J.K. Rowling has been very protective of Harry Potter, not letting her boy wizard jump into the e-book format until 2012. When he finally did, it was part of a universe she controlled, Pottermore.
Now the seven original Harry Potter books are available as e-books outside that universe at newcomer Oyster, the e-book subscription service that's competing to be a new go-to destination for e-book readers. Oyster joins Amazon, which has offered Rowling's books via
FOR THE RECORD
Jan. 29, 5:15 p.m.: A previous version of this post said that the Harry Potter books were available for the first time outside of Pottermore. Amazon Kindle Owners' Lending Library users have had access to the series since 2012.
The company announced a partnership with Pottermore on Wednesday that will bring the world of Hogwarts to its users. Rather than buy individual e-books, Oyster subscribers pay $9.95 per month to access all the e-books in its library -- sort of like Netflix for e-books.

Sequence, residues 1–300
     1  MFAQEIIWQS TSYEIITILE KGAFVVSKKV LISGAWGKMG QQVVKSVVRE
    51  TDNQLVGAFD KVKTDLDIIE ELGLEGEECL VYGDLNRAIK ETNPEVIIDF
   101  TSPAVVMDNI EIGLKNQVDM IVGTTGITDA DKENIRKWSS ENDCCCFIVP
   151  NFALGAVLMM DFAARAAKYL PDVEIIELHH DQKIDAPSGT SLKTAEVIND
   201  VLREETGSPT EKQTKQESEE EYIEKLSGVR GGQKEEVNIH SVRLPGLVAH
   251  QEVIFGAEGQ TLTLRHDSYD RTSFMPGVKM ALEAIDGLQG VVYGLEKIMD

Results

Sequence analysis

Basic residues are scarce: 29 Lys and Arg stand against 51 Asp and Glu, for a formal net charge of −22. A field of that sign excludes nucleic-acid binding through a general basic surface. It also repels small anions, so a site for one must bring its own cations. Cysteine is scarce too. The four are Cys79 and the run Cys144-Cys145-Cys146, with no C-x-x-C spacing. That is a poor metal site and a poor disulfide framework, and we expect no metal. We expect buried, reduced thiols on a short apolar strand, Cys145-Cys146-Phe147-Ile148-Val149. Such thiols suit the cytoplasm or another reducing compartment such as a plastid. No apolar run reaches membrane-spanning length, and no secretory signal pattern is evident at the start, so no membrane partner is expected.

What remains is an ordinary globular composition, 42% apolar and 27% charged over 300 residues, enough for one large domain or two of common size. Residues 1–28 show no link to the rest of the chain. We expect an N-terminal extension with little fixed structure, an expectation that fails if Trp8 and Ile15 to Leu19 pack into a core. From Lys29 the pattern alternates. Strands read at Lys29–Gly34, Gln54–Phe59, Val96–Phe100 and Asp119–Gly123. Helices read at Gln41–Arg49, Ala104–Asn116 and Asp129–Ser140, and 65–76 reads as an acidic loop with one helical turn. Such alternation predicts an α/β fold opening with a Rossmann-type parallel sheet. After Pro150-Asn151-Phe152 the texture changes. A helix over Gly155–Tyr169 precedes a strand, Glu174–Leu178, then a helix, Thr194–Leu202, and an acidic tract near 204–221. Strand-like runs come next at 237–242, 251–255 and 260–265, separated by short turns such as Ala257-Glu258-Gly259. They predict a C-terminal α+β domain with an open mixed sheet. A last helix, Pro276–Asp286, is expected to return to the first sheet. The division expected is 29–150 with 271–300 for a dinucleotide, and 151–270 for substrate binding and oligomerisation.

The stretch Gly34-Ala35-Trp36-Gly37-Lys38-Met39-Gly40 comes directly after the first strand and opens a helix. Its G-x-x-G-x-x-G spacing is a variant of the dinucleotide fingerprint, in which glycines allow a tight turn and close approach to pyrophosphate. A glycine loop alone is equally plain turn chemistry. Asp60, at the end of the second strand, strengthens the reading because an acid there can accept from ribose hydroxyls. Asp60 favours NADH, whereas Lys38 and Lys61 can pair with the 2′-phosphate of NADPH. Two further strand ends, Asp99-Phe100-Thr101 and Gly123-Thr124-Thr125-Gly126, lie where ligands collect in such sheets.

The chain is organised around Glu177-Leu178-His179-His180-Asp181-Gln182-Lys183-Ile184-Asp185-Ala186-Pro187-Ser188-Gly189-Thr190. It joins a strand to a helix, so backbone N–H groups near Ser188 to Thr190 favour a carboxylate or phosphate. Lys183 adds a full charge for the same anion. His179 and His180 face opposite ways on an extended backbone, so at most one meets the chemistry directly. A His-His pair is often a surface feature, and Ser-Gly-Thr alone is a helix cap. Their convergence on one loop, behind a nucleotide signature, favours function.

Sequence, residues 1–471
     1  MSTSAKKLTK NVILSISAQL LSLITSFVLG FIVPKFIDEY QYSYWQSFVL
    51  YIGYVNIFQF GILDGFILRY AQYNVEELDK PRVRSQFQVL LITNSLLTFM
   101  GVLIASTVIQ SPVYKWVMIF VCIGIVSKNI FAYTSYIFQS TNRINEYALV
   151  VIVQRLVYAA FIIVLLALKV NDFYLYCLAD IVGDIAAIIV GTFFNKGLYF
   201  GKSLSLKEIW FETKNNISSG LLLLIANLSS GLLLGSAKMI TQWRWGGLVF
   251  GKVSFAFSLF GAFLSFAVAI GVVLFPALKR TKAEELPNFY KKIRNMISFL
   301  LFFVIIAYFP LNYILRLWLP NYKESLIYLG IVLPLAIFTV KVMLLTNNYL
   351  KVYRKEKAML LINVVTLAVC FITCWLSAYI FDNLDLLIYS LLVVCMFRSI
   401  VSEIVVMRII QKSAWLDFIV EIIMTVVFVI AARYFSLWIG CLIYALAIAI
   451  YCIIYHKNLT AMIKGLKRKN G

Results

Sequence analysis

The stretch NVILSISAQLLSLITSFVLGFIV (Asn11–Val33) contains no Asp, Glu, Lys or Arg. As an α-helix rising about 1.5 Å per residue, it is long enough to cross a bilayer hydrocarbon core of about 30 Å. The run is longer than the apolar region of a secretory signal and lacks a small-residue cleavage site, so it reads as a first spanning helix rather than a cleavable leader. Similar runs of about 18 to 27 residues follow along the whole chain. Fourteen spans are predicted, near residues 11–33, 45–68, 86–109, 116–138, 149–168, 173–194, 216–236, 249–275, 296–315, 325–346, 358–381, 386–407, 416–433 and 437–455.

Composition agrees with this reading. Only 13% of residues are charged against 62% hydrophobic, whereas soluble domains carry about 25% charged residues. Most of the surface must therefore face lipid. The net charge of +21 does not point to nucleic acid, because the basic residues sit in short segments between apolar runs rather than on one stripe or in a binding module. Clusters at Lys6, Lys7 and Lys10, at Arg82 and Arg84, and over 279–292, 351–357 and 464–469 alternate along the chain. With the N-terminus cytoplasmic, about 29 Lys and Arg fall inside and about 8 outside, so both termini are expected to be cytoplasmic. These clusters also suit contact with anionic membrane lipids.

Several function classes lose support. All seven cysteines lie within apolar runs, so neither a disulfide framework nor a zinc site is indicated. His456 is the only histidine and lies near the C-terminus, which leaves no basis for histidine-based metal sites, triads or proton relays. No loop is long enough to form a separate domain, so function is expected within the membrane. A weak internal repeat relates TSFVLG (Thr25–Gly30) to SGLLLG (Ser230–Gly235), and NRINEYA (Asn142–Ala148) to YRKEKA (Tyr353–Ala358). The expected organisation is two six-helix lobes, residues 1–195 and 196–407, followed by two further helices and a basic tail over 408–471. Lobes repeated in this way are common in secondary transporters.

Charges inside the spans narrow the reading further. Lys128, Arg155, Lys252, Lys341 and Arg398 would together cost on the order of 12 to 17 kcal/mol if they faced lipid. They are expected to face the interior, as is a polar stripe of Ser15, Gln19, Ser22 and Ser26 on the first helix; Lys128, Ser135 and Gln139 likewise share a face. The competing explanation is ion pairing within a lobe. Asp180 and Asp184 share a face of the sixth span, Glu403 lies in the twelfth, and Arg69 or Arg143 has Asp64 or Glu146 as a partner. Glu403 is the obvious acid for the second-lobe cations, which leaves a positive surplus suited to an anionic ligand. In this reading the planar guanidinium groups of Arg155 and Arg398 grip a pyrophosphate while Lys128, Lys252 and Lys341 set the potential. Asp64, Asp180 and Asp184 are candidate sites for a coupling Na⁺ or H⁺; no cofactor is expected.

In addition to the seven novels, Oyster subscribers will also be able to read Rowling's three supplementary "Hogwarts Library" books: "Quidditch Through the Ages," "The Tales of Beedle the Bard" and "Fantastic Beasts and Where to Find Them" (which is being adapted into a movie written by Rowling).
Aspiring wizards (and muggles) will be able to customize their reading experience with the Oyster editions -- users will be asked to choose one of the four "Harry Potter" houses, which will set the color scheme and typography for the books. The uninitiated can let the "Sorting Hat" choose one for them, if they're not ready to select their favorite house. (Ravenclaw, obviously.) The company also announced that their literary publication, The Oyster Review, will feature original articles on the "Harry Potter" books for the rest of this week.
The Harry Potter deal is a huge get for Oyster, which is competing with Scribd, a similar independent e-book subscription service, and